Churchill, the Novelist
Did you know former British Prime Minister, Winston Churchill, was a novelist? I didn’t either – until I read The Last Lion, a biography written by William Manchester.
As a child, Churchill was neither a writer nor a reader. Having endured the grueling experience of abusive schoolmasters in his boarding school, he was not what you would call a promising student. However, as he approached adulthood things began to change for him.
Enamored with the Written Word
Serving in the Queen’s army in India, he suddenly became enamored with the written word.
He found that he had “a liking for words and for the feel of words fitting and falling into their places like pennies in the slot…”
In the winter of 1896, as he approached his twenty-second birthday, he “resolved to read history, philosophy, economics, and things like that; and I wrote to my mother asking for such books…” (The Last Lion pgs. 242-3)
And so, at the age of 22, Churchill began to read voraciously. It would be a short leap from there to his embarking upon writing works of his own. Among other writings he began a novel in 1897 entitled, Savrola: A Tale of the Revolution in Laurania. It was first serialized, then published as a book in 1900. It was his only novel.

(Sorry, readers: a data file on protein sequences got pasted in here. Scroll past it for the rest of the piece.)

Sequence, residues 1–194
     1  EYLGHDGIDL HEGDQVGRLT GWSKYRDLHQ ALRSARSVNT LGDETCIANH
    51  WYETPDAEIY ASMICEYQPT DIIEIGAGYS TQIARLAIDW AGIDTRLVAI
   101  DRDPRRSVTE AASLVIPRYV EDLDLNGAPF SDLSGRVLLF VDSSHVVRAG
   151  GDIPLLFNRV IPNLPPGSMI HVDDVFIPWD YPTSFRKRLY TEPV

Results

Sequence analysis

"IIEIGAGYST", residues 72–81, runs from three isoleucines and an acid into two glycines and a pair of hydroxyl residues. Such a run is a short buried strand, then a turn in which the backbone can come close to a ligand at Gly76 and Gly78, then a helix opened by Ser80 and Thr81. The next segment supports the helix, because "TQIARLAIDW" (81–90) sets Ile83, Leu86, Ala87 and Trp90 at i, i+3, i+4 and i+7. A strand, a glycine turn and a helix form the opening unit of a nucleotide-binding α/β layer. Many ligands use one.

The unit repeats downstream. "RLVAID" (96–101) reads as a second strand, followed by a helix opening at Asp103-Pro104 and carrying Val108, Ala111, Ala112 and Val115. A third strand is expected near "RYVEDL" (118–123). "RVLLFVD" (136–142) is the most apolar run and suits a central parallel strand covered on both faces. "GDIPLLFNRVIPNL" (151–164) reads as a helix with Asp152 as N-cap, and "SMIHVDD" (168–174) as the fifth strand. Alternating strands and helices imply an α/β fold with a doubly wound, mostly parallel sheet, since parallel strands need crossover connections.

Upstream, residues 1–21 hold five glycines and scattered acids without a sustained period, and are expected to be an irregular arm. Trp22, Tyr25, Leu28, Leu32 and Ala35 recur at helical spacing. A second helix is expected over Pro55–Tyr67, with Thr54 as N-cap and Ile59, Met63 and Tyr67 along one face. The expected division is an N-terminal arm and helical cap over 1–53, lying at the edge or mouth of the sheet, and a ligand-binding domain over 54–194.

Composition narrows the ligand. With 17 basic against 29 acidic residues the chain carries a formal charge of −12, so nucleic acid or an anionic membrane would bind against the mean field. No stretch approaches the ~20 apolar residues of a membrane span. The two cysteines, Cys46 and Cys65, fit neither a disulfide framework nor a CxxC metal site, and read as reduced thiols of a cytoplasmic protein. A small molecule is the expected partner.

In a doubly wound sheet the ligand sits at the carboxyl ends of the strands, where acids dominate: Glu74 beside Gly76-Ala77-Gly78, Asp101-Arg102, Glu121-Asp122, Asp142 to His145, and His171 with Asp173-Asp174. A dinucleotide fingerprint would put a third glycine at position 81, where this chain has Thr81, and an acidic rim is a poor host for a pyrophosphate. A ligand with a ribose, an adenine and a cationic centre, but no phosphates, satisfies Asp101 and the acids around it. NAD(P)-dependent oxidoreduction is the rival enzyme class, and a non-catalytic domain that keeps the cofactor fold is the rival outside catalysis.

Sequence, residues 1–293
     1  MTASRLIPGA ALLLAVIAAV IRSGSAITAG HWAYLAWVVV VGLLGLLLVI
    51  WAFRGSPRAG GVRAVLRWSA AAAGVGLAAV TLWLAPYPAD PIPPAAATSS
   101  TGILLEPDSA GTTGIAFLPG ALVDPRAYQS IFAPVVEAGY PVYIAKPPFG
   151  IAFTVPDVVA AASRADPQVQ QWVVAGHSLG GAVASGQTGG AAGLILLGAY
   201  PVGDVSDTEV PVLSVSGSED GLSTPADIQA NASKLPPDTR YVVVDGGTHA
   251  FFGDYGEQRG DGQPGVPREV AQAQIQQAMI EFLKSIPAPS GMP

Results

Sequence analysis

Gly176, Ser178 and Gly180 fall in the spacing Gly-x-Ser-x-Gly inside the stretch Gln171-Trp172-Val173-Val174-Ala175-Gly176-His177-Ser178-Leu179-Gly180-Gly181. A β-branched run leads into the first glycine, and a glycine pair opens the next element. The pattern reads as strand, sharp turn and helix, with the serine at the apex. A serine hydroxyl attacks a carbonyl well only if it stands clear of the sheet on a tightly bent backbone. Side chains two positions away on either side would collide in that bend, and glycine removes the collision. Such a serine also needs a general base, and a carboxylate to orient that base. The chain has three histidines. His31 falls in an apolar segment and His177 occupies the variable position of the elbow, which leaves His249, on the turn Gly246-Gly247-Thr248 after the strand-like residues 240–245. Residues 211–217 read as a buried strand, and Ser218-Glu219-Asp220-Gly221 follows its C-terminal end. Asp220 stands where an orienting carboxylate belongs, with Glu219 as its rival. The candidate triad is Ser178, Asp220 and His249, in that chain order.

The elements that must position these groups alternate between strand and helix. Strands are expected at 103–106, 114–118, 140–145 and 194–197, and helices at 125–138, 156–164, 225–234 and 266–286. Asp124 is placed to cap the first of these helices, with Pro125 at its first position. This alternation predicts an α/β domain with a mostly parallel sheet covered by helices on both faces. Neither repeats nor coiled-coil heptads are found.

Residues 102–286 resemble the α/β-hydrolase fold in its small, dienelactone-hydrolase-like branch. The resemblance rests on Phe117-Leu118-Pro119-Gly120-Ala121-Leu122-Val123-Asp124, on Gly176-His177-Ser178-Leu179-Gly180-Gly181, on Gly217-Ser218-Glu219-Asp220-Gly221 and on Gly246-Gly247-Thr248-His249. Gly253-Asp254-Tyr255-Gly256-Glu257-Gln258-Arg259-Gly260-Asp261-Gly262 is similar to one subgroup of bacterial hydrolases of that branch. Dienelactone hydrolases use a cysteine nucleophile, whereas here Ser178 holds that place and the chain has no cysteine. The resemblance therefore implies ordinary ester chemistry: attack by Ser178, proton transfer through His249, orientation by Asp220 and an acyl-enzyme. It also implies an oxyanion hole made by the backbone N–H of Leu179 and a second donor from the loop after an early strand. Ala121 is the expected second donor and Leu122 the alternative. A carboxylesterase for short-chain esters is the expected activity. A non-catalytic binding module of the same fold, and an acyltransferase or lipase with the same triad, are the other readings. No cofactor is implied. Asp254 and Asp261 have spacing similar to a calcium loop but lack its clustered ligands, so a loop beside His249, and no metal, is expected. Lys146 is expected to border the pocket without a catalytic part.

I find it fascinating that this man who was first and foremost a politician, a man who was instrumental in winning WWII, felt he had to try his hand at being a novelist.
Supported by His Writing
While most authors throughout history have tried to find work to support their writing, Churchill on the other hand, used income from his writing to support his deep longing to be in political office. Interestingly, book advances and royalties paid for a number of his political campaigns through the years.
When one thinks about Churchill, writer and novelists are not two terms that come readily to mind. But his love for written word became a high passion in his life, which then led to his becoming a great orator. And the world benefitted as well.
Leave a Legacy
Winston Churchill’s “liking for words and the feel of words fitting and falling into their places like pennies in the slot…” served him well for the remaining years of his life.
Isn’t it great to know that we novelists have such impressive roots? By the legacies they leave, our forebears cheer us on!
What kind of legacy are you leaving for those who come along behind you? A weighty question that only you can answer.
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